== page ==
(Contemporary) Folk music refers to a wide variety of genres that emerged in the mid 20th century and afterward which were associated with traditional folk. Starting in the mid-20th century, a new form of popular folk music evolved from traditional folk. This process and period is called the (second) folk revival and reached a zenith in the 1960s. The most common name for this new form of music is also “folk,” but is often called “contemporary folk” or “folk revival music” to make the distinction. The transition was somewhat centered in the US and is also called the American folk music revival. Fusion genres such as folk rock, folktronica, and others also evolved within this phenomenon. While contemporary folk is a genre generally distinct from traditional folk, it often shares the same English name, performers and venues as traditional folk; even individual songs may be a blend of the two.
– Wikipedia: The Free Encyclopedia
The years 2015 to 2017 were most probably the most crucial building block along my musical path. I’ve spent the two years struggling with a degenerative tendon disease leading to a derailing chronic wrist injury.
At first, I was misdiagnosed, and it took six months to understand why my wrists were escalating in pain. Since March 2015 I have routinely been a patient of several clinics, in and out of several hospitals, X-ray/Ultrasound/MRI scanning beds, frequented medical specialists and doctors offices around the city with minimal results.
It still affects me every day now. But I have new music released since and I’m moving on!
Much of my childhood is hazy in my memory because of its ever-shifting nature. The one thing that I can still recall with rather unhindered detail is finding my voice as an artist even when life itself was uncertain.
When my parents split, it was messy. The house foreclosed, my mom and I moved in with my grandparents four hours north, and my two older sisters stayed in Cincinnati with my dad. As my mom struggled to find a job and a sense of new permanence in Akron, my aunts and grandparents stepped up and helped with caretaking duties. I was eight or nine years old.
Inspirational singer-songwriter/producer Ashley McCausland is a California based Indie-Folk/Grassroots artist who is well known for her heart-felt, catchy songs with unique instrumentation. Ashley’s music is intentional, diverse, timeless and doesn’t follow the rules. Her sweet, tender voice will have you pulling at your heart strings, and will lift your spirit into believing anything is possible as long as you follow your heart. Her debut album, Circle Around the Sun, is just the beginning to the young artist’s musical journey to reach all corners of the universe.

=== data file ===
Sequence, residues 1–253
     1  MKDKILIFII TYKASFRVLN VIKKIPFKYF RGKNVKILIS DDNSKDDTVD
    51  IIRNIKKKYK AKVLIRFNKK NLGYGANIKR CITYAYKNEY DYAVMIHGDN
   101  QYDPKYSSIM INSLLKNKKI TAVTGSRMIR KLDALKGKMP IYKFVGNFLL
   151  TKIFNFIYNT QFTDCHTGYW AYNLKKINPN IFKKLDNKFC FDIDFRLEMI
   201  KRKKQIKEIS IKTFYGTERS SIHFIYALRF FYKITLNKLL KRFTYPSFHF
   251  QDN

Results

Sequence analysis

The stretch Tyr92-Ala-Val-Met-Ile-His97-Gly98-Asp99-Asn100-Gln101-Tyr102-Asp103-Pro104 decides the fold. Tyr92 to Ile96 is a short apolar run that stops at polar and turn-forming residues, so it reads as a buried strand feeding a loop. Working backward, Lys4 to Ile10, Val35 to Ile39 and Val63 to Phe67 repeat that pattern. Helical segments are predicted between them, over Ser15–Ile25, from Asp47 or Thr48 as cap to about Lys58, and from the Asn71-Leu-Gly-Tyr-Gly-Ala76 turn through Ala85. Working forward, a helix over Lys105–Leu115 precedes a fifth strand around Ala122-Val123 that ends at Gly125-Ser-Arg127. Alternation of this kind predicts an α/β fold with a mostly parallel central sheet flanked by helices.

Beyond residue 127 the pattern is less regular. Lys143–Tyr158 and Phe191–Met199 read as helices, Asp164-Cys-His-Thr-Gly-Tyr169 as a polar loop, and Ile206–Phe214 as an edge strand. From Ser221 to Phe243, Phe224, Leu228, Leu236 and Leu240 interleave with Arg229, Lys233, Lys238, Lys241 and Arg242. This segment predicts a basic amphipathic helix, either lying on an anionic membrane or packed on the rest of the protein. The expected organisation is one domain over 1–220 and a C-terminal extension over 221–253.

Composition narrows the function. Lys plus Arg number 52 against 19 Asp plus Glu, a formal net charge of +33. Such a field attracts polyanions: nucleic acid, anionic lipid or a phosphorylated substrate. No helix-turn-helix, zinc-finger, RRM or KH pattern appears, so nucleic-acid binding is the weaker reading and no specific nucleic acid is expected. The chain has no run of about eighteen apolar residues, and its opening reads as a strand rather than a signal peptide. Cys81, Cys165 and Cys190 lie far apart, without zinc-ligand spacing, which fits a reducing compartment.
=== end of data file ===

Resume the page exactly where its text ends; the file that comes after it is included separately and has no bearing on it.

I’m a musician. I used to just make and teach music, but lately I have been consumed by climate activism because I love people and nature. I can’t continue living without doing something to prevent it all from disappearing.
E. E. Cummings wrote:
“I arise in the morning torn between a desire to save the world and a desire to savor the world. That makes it very hard to plan the day.”
This describes pretty much every day of my life now.
“Play Your Song” is a song I had written about my experiences with Girls/Ladies Rock Camp… or so I thought… It’s rare when I write about something other than my own self-evolution. Funny thing tho: even when you think you’re talking to someone else, you’re truly just talking to yourself. Everyone and everything in your “reality” is a fucking carnival fun-house mirror.
Seriously, have you ever told someone you write/perform music only to have someone ask what genre you play? Because that seems to be most of my experience with people, and it’s more or less the reason I decided to call this oh so important first EP I.B.F.R or, for those of you who skipped the title, Indie Blues Folk Rock.
In eighth grade, I was challenged by my English teacher, Mrs. Walters, to write something that exercised our class’s objective at the time, imagery. I was very naive but full of heart back then and wrote this cheesy piece describing the practice room of me and my friends’ first band, Tigerlake. It has a certain charm to it I think, but only the kind of charm you find in old terrible family photos.
It reminds me of how sure I used to be of me and my friends becoming something, doing something with our music. So yes it is cheesy, and it doesn’t really talk about anything I’ve been working on recently, but it talks about where I’ve come from, and sometimes that’s even more important.
What parts of yourself do you hide away? Out of guilt, fear, uncertainty, or anything else, there are always tiny dreams and memories we hide from others. Yet, these secrets show us who we are if we dare bring them to light. Through music I created and discovered things hidden in me. I’ve been working on finding the courage to accept those things and make them real again. This has inspired my songwriting work so far.